The SBA inspector general released a report revealing that "at least 17 percent of all COVID-EIDL and PPP funds were disbursed to potentially fraudulent actors." People who needed the money, in other words, were ripped off by scam artists who took it for themselves instead.
The SBA estimates that more than $136 billion, or about 33 percent of the total money spent, was illegitimately taken from the COVID-19 Economic Injury Disaster Loan program. For the PPP, the SBA estimates that $64 billion was captured illegitimately.
Previous SBA estimates were much lower. They suggested just $86 billion worth of fraud in the COVID-19 Economic Injury Disaster Loan program and $20 billion from the PPP.
(Related: Check out our earlier report about fake president Joe Biden's $50 trillion "carbon neutrality" grift.)
Back in early June, the Associated Press (AP) reported that about $280 billion worth of covid emergency aid was stolen by scammer, as well as an additional $123 billion that was "wasted" or "misspent."
Both of the aforementioned aid programs were launched by then-President Donald Trump to help those in need to find relief during the worst of the crisis. After all, if big banks and large corporations can always get bailed out on a whim, why not the little people?
It turns out that the two programs were not as airtight as many had hoped. The honor system that was used allowed some bad actors to slip in and take money that was not for them.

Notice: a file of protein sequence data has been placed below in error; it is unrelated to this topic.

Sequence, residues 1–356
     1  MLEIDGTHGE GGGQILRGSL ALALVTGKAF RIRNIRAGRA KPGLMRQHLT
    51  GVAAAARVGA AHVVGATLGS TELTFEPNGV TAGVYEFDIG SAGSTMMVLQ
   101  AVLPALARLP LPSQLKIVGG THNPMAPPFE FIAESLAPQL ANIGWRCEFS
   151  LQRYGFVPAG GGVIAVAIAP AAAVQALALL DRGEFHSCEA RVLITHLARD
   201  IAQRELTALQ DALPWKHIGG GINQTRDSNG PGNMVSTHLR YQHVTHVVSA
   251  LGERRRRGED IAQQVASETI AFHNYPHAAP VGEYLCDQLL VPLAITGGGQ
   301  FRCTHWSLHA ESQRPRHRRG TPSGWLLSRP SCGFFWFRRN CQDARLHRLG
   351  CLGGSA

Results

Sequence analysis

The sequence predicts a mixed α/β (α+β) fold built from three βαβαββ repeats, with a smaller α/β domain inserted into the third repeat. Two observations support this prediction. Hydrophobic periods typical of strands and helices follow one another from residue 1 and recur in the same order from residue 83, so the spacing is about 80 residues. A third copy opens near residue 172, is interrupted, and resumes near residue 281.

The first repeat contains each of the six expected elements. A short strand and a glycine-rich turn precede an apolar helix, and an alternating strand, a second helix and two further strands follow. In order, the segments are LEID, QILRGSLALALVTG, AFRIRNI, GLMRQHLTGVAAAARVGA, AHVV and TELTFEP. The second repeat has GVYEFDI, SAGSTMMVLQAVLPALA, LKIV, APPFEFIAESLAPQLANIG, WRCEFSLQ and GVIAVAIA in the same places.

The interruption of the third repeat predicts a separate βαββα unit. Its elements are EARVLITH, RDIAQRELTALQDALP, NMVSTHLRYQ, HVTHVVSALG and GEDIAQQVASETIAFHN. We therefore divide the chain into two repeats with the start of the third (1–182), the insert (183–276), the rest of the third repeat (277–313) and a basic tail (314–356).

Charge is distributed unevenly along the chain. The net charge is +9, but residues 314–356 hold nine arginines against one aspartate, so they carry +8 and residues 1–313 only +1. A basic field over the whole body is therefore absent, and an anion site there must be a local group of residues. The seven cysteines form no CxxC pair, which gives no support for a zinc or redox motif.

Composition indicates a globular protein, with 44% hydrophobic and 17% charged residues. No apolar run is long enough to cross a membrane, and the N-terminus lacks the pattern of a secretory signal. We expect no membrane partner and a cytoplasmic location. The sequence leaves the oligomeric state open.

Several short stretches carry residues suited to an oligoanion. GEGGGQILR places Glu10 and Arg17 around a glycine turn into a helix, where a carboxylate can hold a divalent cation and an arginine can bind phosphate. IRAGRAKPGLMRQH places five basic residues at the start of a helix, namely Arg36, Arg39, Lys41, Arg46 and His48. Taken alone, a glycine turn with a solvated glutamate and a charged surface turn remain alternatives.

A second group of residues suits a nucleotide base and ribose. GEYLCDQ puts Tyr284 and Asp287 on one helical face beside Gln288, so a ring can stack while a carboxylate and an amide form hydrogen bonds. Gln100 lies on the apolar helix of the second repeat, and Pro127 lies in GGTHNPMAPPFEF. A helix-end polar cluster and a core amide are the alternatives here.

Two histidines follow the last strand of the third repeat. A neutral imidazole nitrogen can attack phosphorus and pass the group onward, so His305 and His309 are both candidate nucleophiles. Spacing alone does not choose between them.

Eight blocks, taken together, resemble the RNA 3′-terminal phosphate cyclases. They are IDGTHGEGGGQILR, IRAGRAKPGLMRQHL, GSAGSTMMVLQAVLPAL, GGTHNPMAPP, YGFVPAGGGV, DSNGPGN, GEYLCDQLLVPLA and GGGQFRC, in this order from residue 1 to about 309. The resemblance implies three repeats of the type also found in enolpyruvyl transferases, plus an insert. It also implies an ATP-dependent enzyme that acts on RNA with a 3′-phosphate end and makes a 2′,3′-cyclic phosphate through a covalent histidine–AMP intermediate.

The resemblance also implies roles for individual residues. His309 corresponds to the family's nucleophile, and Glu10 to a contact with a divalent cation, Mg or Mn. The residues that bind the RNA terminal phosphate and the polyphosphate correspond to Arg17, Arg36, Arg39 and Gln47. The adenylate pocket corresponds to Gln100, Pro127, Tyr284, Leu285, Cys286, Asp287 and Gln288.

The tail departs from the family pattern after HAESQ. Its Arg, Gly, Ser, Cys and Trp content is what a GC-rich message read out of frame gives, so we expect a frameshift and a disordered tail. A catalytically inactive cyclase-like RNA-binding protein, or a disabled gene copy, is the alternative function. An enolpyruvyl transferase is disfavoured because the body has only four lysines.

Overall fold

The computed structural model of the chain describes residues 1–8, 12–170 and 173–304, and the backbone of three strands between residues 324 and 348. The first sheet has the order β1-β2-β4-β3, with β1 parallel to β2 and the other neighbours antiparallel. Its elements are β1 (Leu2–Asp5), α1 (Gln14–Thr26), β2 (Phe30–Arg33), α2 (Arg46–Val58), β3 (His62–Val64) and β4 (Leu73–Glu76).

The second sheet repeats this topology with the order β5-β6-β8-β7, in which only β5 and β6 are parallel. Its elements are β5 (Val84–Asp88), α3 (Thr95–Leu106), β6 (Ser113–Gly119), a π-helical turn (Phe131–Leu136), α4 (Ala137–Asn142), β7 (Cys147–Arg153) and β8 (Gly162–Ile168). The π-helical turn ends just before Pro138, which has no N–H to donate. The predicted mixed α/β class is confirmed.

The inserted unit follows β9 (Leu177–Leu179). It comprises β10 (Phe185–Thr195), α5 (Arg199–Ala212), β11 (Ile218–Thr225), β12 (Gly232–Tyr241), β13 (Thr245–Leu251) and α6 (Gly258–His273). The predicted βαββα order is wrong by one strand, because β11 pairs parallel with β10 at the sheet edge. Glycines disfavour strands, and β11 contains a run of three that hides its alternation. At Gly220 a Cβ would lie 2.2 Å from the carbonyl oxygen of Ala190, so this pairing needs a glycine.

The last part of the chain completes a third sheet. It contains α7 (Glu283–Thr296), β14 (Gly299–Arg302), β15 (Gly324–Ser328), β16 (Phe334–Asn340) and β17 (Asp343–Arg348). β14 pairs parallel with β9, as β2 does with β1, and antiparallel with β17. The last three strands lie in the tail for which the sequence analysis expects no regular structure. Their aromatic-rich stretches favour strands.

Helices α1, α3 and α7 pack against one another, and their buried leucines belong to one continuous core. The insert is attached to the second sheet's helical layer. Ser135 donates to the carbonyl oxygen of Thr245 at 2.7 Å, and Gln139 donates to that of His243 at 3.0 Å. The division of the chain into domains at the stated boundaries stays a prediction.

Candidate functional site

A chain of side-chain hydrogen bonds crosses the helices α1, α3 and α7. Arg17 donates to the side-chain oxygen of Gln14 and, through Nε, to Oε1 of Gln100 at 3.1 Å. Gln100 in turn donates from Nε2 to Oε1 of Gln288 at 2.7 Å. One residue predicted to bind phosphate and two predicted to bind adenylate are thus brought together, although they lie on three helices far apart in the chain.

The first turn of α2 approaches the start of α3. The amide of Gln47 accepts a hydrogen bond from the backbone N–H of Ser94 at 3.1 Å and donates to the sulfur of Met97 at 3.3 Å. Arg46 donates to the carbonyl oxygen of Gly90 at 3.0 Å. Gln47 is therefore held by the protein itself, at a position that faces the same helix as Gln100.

One SBA senior official, however, denies that the losses are really as high as the new SBA estimates suggest. Bailey DeVries, SBA's acting associated administrator for capital access, said the inspector general's "approach contains serious flaws that significantly overestimate fraud and unintentionally mislead the public to believe that the work we did together had no significant impact in protecting against fraud."
All in all, the U.S. government disbursed an astounding $4.2 trillion in covid relief, roughly 10 percent of which is estimated by the AP to have been lost to scammers. The big boys all got their massive disbursements, which for some reason is not considered to be fraud in terms of these figures.
Gene Sterling, a senior Biden White House official, of course blames then-President Trump for the losses. Sterling claims that 86 percent of them occurred during the first nine months of the scamdemic when Trump was still in office.
"Two-hundred billion (dollars) is a very big number, but this, again, should be remembered as potential fraud," Sperling clarified. "We think the amount of likely or actual fraud is significantly less, significantly under $100 billion, perhaps around $40 billion."
Regardless of what the number is, Sterling said that "it's unacceptably high" regardless.
According to SBA inspector general Hannibal "Mike" Ware, the new report from his agency "utilizes investigative casework, prior (inspector general) reporting, and cutting-edge data analysis to identify multiple fraud schemes used to potentially steal over $200 billion from American taxpayers and exploit programs meant to help those in need."
"We will continue to assess fraud until we’re finished with the investigations on these things," Ware added in a recent interview, adding that it could be a long while because his office currently has a backlog of more than 90,000 actionable leads into plandemic relief fraud, which amounts to nearly a century's worth of work.
The covid grift is far from over. Learn more at Plague.info.
Sources for this article include: